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February 13, 2017

Discipline and Punish

Both public and private schools need to rethink the way they discipline students.

After the senate’s confirmation of Betsy DeVos as Secretary of Education last Tuesday, many public school students were understandably up in arms. A number of students in New York City public schools staged a walkout, and the hashtag “#ProudProductOfPublicSchools” trended all over the country. The protests and hashtag served as a demonstration of students’ belief in the power of public schools to effectively prepare them to for future careers and opportunities. However, when thinking about the flaws in educational systems—both in America and in the rest of the world—the issue of discipline is a problem that is often overlooked. DeVos is a well-known advocate of private schools and non-traditional public schools, but she has little to no experience in the realm of public education. Advocates of these programs seem to believe that the more resources are funneled towards a self-selected group of students, the better academic performance will be. However, in both public and private schools, the way we discipline students is most flawed when it fails to consider the individual circumstances and backgrounds of its students. Before deciding what type of school a child should attend, it is important to consider how schools deal with student behavior to create higher performance standards both inside and outside the classroom.

It was after I began working with different tutoring organizations that I began to notice the current disciplinary system. Students who misbehaved often struggled with lower self-esteem, academic trouble, or family complications. When they acted improperly, teachers reprimanded them through force and humiliation rather than seeking out the root of the problem. As a result, the misbehaving students continued to misbehave—not because they failed to understand the punishment, but because the causes of their behavior had gone unaddressed.

Routine disciplinary actions like detentions or suspensions are not intended to be empowering, and only continue the cycle of “crime and punishment” for students throughout their educational careers. However, particularly in public schools with lower funding, it is difficult to ensure that a student’s basic needs are attended to before considering the best form of punishment. DeVos seems to think that the solution is to invest more money into private schools, but putting students into more specialized schools doesn’t change their background. Disciplinary issues will arise no matter what school a student attends.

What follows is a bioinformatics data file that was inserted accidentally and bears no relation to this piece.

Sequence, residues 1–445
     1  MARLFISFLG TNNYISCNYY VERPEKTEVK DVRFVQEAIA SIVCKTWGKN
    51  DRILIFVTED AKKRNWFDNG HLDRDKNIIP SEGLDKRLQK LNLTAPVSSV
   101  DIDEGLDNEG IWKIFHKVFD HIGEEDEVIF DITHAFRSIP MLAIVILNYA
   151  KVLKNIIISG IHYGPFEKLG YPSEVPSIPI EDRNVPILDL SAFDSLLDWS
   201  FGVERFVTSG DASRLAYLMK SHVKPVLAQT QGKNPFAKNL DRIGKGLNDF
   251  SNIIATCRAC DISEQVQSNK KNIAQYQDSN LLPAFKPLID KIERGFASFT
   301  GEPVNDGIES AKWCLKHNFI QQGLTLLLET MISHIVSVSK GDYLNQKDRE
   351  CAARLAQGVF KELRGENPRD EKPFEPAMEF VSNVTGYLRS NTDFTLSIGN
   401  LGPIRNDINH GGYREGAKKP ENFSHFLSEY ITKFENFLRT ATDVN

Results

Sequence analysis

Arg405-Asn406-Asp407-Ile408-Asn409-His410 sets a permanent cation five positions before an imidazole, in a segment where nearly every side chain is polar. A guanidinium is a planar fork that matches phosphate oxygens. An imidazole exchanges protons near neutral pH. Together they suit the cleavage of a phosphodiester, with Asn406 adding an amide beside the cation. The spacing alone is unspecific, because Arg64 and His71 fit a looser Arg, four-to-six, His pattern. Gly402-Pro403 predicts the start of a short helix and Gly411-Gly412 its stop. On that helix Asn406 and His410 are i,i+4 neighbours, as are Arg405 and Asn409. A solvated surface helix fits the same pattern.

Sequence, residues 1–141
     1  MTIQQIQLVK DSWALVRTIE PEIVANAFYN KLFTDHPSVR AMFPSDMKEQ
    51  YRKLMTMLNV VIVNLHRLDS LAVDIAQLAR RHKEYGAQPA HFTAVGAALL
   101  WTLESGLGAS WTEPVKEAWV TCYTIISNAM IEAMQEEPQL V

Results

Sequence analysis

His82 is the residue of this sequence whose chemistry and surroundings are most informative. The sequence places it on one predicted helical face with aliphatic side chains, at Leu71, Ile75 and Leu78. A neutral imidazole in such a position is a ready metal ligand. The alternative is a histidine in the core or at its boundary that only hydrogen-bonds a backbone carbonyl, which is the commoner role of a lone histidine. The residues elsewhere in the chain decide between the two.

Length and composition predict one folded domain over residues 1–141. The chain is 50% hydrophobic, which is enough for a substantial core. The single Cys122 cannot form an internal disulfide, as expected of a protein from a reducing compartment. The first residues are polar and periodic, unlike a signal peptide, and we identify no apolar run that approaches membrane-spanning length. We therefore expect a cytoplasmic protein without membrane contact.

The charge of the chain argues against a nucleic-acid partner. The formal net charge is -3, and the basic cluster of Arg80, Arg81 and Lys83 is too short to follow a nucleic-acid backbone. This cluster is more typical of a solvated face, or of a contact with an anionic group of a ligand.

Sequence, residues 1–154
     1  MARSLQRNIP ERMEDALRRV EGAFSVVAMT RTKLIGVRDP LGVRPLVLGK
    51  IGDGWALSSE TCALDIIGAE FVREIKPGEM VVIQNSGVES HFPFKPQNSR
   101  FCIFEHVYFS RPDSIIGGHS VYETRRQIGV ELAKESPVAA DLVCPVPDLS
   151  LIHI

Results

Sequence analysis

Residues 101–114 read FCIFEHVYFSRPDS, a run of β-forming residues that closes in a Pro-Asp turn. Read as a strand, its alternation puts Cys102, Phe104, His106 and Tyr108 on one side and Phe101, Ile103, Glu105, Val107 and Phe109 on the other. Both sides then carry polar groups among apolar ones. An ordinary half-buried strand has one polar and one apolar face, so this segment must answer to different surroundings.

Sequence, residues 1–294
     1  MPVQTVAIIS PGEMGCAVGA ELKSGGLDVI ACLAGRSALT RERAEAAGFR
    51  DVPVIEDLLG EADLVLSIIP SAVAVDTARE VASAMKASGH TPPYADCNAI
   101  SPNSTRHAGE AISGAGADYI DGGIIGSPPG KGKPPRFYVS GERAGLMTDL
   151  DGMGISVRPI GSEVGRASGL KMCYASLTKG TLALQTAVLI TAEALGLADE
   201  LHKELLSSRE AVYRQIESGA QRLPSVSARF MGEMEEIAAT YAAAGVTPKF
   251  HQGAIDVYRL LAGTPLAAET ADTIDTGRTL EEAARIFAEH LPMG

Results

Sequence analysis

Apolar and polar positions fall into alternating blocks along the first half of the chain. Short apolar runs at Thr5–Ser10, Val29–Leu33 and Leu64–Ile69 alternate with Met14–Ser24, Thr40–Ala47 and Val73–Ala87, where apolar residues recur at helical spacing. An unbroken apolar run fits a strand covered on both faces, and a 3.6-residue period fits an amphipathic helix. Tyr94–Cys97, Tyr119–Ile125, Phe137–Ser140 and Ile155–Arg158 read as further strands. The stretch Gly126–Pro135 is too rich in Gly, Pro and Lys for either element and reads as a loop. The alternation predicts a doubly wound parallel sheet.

Schools tend to become authoritarian: If a teacher finds themselves without the resources to effectively help each student, it seems more efficient to simply maintain order through basic disciplinary actions. According to data collected by the U.S. Department of Education on the 2011–12 school year, of more than 49 million students in public schools, 7.7 million served either an in-school suspension, an out-of-school suspension, or were expelled. Larger public schools in segregated areas, like Ridgeland High School in Jackson, MS, tend to punish students for seemingly minor offenses: High school student Rockmon Allen recalled receiving a detention or in-school suspension for talking out of turn, questioning the teacher, or arriving tardy to class. Instead of working toward a better standard of behavior, students like Allen missed out on educational opportunities and advancement in the time they spent in detention or pulled out of class for an in-school suspension. All the while, the root of Allen’s behavior was never directly addressed or discussed, and the number of minor offenses became a major issue. For poorer public schools, where the quantity and quality of resources are insufficient to begin with, directing funds towards private schools will only exacerbate the problem.

Poor performance, of course, is not just an issue that affects public schools. The disciplinary system across American educational institutions has always been more focused on removing insufficient performers from the classroom instead of creating a welcoming environment to address the issues. This is reflected in the fact that the charter schools DeVos supported in Michigan now boast some of the state’s lowest test scores: Having more resources and choices does not necessarily create better students. A self-selected group of students will not naturally outperform those in public schools unless the attention given to each child is sufficient. This is why programs targeting disability and differing performance levels are so important: The best way to improve American schooling is to acknowledge the varying abilities and backgrounds of the students. DeVos’s demonstrated lack of knowledge concerning the Individuals with Disabilities Education Act caused an uproar because it suggests that students in America might not all be given equal opportunities in the classroom. The relevance of this policy is apparent—in the same way, disciplinary reform should reflect the individual needs of students.

Every school in America should strive to create a more understanding environment for the students it is teaching. Teachers cannot change where a student comes from, their strengths as a learner, or their personality. However, they can change the relationship that each student has with their educational experience by ensuring that obstacles are addressed before reverting to punishment. Considering the background of each individual child will result in a more positive schooling experience for all and lead struggling scholars down a path for success.

Ashvini Kartik-Narayan is a first-year in the College.

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